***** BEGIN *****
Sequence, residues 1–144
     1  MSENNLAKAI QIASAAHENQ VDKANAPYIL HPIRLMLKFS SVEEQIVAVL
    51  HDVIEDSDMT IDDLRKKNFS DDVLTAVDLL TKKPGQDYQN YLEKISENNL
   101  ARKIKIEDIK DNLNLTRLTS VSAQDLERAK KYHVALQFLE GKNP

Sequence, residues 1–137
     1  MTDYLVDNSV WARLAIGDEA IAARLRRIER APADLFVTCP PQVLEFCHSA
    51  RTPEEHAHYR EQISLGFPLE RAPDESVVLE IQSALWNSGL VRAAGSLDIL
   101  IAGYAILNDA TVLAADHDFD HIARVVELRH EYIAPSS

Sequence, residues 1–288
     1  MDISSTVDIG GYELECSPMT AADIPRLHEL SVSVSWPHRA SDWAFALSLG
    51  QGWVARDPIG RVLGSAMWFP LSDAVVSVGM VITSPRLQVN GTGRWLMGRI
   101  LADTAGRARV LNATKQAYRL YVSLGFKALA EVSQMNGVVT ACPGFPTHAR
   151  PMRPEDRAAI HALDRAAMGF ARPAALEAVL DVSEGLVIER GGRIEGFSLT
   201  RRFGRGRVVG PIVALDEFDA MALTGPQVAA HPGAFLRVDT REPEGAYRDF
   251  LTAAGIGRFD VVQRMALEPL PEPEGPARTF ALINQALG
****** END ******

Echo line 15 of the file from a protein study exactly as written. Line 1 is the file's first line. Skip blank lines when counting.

   251  LTAAGIGRFD VVQRMALEPL PEPEGPARTF ALINQALG